Covid-19: Luxury property market takes 40% hit as sector feels strain
The unfolding Covid-19 economic disaster has prompted an unprecedented bargain bonanza in the property market, with luxury mansion prices down by about 40%.
The luxury market, already under strain before Covid-19, is in free fall. But it’s not all bad news as more attractive prices and low interest rates generate sales at the lower end of the market, particularly among first-time buyers.
Market data points to a historic shake-up of both residential and commercial property, with average house prices in the R1.5m-R3m range down 5% this year.
However, the window of opportunity for residential buyers coincides with dismal prospects for the commercial property and property development sectors. A big percentage of companies are defaulting on office rentals as the effect of almost three months of lockdown is felt.
The call to work from home to minimise the spread of the virus has radically altered future prospects in this market sector, with a similar drop in demand for industrial property due to the ailing economy.
In addition, the property development sector has raised the alarm about a massive backlog in deeds offices as staff take sick leave. In the Western Cape the backlog is so bad it has prompted legal intervention from the Cape Town Attorneys Association, which obtained a court order to compel the Cape Town deeds office to open this week.
The association is also demanding details of how the deeds office intends to manage staffing levels during the Covid-19 period.
Glowing property outlooks from several experts this week were offset by warnings of an extended economic slump, with economic contraction likely to limit the number of would-be buyers.
The latest property barometer from First National Bank (FNB) predicts a 45% reduction in housing sales in 2020 — worse than the 40% contraction in 2009 during the global financial crisis.
“We expect pressure to reverberate across all price segments, although higher-end and luxury markets will likely be the hardest hit,” said FNB.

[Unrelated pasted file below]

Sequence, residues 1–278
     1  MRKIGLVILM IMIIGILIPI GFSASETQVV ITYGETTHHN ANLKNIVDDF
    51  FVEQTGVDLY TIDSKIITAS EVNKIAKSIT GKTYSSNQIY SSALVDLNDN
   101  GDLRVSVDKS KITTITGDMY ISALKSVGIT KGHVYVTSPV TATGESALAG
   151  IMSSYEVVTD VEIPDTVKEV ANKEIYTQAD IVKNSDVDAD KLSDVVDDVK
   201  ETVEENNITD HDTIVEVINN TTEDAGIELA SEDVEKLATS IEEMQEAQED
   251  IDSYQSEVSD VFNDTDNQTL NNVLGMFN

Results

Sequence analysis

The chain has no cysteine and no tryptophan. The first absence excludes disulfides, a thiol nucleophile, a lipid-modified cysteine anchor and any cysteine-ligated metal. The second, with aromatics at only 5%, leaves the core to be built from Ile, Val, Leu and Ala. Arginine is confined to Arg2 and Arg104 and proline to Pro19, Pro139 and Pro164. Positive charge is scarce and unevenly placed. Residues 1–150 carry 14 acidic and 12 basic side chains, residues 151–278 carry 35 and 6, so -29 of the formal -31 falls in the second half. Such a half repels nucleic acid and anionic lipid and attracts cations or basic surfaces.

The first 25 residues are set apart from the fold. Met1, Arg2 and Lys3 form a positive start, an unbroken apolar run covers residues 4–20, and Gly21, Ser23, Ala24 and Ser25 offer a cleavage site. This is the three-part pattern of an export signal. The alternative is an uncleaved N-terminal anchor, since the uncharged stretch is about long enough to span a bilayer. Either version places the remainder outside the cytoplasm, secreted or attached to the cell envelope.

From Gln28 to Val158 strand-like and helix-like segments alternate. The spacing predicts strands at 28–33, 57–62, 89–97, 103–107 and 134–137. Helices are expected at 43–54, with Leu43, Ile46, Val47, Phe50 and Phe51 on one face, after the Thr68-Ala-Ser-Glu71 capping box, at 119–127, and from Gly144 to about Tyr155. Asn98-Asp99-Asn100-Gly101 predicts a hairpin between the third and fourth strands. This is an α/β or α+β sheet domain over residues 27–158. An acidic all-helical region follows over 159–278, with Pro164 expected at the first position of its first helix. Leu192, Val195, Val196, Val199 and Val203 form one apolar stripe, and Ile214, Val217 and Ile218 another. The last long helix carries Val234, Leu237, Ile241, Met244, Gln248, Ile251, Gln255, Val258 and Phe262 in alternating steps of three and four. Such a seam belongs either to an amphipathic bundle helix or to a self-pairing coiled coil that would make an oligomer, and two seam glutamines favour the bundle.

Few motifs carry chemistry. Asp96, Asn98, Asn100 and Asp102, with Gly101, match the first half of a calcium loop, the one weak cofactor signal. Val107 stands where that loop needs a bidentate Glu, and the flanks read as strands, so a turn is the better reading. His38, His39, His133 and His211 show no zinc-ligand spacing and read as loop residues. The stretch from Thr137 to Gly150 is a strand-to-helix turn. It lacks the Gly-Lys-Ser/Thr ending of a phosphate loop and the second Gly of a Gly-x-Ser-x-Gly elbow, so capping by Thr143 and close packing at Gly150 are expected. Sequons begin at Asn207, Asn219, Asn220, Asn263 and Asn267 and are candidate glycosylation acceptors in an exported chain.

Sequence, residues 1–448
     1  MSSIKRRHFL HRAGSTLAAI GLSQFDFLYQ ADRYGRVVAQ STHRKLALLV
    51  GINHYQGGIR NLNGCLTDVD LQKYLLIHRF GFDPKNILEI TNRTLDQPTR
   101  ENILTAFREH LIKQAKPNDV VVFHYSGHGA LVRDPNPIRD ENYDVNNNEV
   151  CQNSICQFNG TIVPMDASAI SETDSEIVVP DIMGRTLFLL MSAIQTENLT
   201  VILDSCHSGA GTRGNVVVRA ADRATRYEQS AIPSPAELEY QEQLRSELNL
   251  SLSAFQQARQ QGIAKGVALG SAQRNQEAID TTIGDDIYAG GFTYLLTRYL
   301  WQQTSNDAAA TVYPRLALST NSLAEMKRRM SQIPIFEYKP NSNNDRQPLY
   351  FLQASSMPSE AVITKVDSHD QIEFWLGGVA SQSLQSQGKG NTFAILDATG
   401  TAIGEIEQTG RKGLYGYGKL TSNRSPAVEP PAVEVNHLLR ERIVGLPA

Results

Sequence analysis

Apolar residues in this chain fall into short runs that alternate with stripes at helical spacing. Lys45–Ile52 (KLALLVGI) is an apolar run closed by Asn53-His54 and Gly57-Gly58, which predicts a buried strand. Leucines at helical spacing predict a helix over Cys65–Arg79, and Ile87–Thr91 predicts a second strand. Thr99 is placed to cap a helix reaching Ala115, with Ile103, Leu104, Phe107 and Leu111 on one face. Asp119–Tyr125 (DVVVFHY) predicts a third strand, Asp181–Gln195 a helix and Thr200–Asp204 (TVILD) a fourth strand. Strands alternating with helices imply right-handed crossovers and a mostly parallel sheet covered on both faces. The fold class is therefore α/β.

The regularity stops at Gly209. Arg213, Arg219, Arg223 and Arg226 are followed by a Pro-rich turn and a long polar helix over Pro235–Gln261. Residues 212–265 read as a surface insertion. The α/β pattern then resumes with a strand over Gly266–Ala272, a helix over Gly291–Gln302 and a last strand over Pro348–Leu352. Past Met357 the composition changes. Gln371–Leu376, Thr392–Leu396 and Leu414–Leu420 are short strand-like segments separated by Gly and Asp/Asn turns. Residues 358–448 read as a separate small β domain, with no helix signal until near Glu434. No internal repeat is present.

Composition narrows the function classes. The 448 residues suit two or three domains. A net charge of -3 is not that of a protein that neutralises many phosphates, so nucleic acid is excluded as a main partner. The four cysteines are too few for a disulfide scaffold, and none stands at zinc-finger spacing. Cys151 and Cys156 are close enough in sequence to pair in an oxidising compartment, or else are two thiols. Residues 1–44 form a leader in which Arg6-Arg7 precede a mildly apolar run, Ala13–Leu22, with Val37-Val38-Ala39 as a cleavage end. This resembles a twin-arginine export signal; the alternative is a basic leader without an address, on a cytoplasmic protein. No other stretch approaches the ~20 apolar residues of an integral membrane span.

The extent of the price dip is likely to depend on the duration of the economic downturn. “It is still early days to see the full effect on the commercial property market,” said Maxol Properties principal broker Bruce Clark, who specialises in the Midrand area in Gauteng.
“Offices were a train smash even before Covid. A lot of people are now working from home. To mitigate the effects of the pandemic, many landlords are now offering very attractive lease incentives or even shorter-term lease periods. Reduced rental amounts are also being considered by some.
“While that can’t go on forever, a lot of companies in the short term may downsize their office space requirement. On the other hand, companies may have to increase the amount of space per person [to comply with health protocols].”
Cape Town property investor Alon Kowen said the rising property market has gone into reverse. “People were overreaching [with prices] before and fetching what they were asking. Now you almost have to under-reach to attract the buyers,” said Kowen, adding that prices on the Atlantic seaboard illustrate the broader market dynamics.
• 35.7% - Peak annual houseprice growth in 2003/04
• 51% - Overall price increase between 2011 and 2019
• 5% - Expected overall house price decline in 2020 - - Sources: GlobalPropertyGuide/FNB
“For anything between R3m and R15m, it is safe to say there is a 20% or 25% price adjustment. But anything north of R25m there can be 30% or more reduction, and the big numbers can be even more.”
Seeff Property Group chair Samuel Seeff said the depreciation of the rand may also assist bargain hunting. “It means that high-end property is now about 20% to 30% cheaper for those paying in dollars, pounds or euros. Prices are already down by about 20% since 2018 and we expect a further decline of around 20% to 30%,” he said.
Dogon Group Properties founder Denise Dogon confirmed sale prices have dropped during lockdown — “The higher-end sales are considerably lower than the asking price” — but said the market remains active thanks to the lower interest rate.
“There’s no doubt that [mortgage bond] repayments are much less and there is much more affordability — that is very positive. And we’ve had a significant amount of small sales under R3m, which is also positive.”
Deeds office snags are delaying transfers, however. Only 17% of 11,977 registrations lodged at the Cape Town deeds office between May 12 and June 3 had been completed, according to Cape Town Attorneys Association court documents.
“You can’t just close your doors haphazardly when you are operating in a space where doing so would affect millions of people,” said association chair Clive Hendricks.
Western Cape Property Development Forum chair Deon van Zyl said the backlog affects an estimated 24,000 deeds, resulting in a ripple effect that affected banks, conveyancers, estate agents and the South African Revenue Service.
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